- About CIR
COMPTON, Calif. – When sheriff’s deputies here noticed a burst of necklace snatchings from women walking through town, they turned to an unlikely source to help solve the crimes: a retired Air Force veteran named Ross McNutt.
McNutt and his Ohio-based company, Persistent Surveillance Systems, persuaded the Los Angeles County Sheriff’s Department to use his surveillance technology to monitor Compton’s streets from the air and track suspects from the moment the snatching occurred.
The system, known as wide-area surveillance, is something of a time machine – the entire city is filmed and recorded in real time. Imagine Google Earth with a rewind button and the ability to play back the movement of cars and people as they scurry about the city.
“We literally watched all of Compton during the time that we were flying, so we could zoom in anywhere within the city of Compton and follow cars and see people,” McNutt said. “Our goal was to basically jump to where reported crimes occurred and see what information we could generate that would help investigators solve the crimes.”
McNutt, who holds a doctorate in rapid product development, helped build wide-area surveillance to hunt down bombing suspects in Iraq and Afghanistan. He decided that clusters of high-powered surveillance cameras attached to the belly of small civilian aircraft could be a game-changer in U.S. law enforcement.
“Our whole system costs less than the price of a single police helicopter and costs less for an hour to operate than a police helicopter,” McNutt said. “But at the same time, it watches 10,000 times the area that a police helicopter could watch.”
McNutt’s airborne cameras are just one part of a new digital movement in law enforcement. The Hollywood version of American policing is made up of darkened command centers where a wellspring of digital data about criminals always seems just a few clicks away.
In cities across the country, that fiction is inching closer to reality.
The FBI is rolling out a sprawling data complex that contains over 147 million mug shots and sets of fingerprints, many of which belong to people who are not criminals. Local law enforcement analysts are using surveillance centers to monitor video feeds and reported crimes minute by minute.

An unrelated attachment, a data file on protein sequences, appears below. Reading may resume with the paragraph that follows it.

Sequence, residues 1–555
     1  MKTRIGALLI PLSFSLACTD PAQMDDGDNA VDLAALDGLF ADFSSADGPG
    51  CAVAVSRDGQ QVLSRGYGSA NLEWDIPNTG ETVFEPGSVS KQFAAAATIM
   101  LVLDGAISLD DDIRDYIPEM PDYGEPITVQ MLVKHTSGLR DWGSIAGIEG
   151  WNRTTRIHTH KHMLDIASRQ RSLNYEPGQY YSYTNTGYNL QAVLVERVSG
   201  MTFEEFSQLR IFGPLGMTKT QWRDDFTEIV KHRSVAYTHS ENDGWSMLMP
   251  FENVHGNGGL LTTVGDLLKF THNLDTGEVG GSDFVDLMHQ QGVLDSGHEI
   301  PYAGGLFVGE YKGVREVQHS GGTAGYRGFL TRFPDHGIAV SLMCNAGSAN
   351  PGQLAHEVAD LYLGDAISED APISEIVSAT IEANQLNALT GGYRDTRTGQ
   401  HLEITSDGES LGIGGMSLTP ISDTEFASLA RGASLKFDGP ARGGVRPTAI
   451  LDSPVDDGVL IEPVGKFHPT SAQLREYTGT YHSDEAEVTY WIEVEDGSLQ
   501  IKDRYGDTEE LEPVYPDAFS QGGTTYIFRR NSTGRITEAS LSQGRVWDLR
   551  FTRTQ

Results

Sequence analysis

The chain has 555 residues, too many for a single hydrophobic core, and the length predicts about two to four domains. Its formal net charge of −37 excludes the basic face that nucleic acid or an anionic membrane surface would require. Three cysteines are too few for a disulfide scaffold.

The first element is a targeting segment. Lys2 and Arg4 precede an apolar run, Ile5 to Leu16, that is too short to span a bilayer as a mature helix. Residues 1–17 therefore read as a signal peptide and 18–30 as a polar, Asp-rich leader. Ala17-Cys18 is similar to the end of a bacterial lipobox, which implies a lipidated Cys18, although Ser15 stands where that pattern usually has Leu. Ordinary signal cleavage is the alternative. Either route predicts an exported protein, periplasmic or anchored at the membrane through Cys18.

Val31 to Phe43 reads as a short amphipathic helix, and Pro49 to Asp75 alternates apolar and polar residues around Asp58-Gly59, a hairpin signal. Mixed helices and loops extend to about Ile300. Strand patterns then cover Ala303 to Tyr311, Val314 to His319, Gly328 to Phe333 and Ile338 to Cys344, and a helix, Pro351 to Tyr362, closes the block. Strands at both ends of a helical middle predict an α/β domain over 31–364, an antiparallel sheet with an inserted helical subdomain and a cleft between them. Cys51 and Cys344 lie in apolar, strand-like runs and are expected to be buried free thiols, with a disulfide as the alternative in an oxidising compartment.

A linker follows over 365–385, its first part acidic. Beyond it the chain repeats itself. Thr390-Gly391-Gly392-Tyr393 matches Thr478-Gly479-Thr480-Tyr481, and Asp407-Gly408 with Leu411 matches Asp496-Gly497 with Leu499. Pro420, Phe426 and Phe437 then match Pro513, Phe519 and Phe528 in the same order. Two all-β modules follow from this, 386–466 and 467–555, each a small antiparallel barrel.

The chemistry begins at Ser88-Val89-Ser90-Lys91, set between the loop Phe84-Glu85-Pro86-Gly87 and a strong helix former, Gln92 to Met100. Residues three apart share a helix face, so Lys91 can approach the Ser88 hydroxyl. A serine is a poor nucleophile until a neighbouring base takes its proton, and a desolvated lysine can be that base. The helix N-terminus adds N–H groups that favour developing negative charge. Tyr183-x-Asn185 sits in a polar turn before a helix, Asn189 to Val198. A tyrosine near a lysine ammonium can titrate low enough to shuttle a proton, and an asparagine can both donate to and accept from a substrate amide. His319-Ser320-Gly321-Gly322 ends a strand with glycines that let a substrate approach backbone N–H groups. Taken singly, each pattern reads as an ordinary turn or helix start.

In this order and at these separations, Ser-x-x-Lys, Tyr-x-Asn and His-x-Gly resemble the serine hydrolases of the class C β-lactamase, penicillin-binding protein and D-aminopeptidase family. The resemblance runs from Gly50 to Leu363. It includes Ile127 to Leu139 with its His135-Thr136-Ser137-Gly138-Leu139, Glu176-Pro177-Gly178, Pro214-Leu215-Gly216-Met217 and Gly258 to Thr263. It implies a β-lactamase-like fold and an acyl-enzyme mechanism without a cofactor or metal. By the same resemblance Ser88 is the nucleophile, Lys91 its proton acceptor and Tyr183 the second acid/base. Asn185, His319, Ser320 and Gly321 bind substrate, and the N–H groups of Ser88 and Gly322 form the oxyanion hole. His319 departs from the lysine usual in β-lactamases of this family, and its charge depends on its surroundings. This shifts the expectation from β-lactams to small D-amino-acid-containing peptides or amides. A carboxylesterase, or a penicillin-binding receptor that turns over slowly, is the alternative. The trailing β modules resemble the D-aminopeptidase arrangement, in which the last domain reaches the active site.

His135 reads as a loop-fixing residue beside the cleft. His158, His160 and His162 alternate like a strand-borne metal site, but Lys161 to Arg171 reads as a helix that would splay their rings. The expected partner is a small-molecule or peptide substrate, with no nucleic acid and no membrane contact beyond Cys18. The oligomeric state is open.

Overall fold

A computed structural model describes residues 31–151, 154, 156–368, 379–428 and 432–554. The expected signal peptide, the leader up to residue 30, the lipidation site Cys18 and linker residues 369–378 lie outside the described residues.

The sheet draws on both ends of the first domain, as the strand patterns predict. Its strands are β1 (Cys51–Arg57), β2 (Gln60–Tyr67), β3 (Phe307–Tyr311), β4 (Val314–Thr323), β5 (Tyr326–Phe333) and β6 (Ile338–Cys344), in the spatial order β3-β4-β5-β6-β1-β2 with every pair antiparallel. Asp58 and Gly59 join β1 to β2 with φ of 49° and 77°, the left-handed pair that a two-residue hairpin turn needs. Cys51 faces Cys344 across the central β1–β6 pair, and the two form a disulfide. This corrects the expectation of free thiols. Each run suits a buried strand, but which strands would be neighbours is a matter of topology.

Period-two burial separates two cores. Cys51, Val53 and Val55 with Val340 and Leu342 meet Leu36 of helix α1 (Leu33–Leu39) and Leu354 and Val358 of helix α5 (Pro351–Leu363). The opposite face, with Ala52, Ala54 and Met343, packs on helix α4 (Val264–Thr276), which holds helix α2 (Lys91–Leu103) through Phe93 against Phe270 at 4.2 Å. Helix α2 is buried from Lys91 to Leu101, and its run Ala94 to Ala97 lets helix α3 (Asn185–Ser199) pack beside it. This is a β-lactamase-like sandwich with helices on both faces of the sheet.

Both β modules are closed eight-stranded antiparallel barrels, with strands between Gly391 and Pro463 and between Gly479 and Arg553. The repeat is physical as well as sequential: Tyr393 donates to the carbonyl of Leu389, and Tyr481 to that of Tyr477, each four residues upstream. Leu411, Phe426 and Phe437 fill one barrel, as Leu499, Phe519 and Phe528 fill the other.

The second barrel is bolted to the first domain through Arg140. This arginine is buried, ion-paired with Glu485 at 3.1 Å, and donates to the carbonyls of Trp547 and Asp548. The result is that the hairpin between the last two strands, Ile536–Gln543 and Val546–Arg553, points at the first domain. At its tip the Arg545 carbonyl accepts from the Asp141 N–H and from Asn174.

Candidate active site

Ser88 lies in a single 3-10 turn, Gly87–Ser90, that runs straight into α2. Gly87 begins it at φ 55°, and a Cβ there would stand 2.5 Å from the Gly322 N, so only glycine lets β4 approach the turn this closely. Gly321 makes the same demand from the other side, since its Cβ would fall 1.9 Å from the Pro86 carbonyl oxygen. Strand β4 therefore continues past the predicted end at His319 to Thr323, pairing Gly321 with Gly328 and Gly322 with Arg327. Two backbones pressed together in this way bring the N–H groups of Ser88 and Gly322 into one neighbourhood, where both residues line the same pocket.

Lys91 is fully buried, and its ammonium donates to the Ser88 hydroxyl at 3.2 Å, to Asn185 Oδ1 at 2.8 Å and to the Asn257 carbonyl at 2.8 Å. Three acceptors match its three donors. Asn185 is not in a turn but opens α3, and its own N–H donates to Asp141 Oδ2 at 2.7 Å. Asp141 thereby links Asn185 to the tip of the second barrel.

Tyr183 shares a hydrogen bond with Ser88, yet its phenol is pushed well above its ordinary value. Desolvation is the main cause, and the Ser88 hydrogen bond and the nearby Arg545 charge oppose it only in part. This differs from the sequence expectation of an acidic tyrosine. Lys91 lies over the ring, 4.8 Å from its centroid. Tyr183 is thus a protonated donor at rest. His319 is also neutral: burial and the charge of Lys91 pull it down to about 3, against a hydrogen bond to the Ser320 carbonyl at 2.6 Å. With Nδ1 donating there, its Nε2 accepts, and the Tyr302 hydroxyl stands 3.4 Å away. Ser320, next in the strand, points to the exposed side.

The Center for Investigative Reporting and KQED teamed up to take an inside look at the emerging technologies that could revolutionize policing – and how intrusively the public is monitored by the government. The technology is forcing the public and law enforcement to answer a central question: When have police crossed the line from safer streets to expansive surveillance that threatens to undermine the nation’s constitutional values?
In one city, law enforcement officials don’t need to see your identification: They just need your face. Police officers in Chula Vista, near San Diego, already have used mobile facial recognition technology to confirm the identities of people they suspect of crimes. After using a tablet to capture the person’s image, an answer is delivered in eight seconds. (About 1 percent of the time, the system retrieves the wrong name, according to the manufacturer, FaceFirst.)
Chula Vista is now part of a larger trend in law enforcement to use unique biological markers like faces, palm prints, skin abnormalities and the iris of eyes to identify people.
“You can lie about your name, you can lie about your date of birth, you can lie about your address,” said Officer Rob Halverson. “But tattoos, birthmarks, scars don’t lie.”
The FBI, meanwhile, is finalizing plans this year to make 130 million fingerprints digital and searchable.
Many of the fingerprints belong to people who have not been arrested but simply submitted their prints for background checks while seeking jobs. Civil libertarians worry that facial images for these individuals could be next. The FBI already maintains a collection of some 17 million mug shots.
This personal information is now housed in a West Virginia-based storage facility the size of two football fields containing row after row of blinking and buzzing server stacks. These machines are the heart of the FBI’s Next Generation Identification program, which seeks to make it easier for police officers and investigators around the nation to distinguish one human being from another based on biological traits.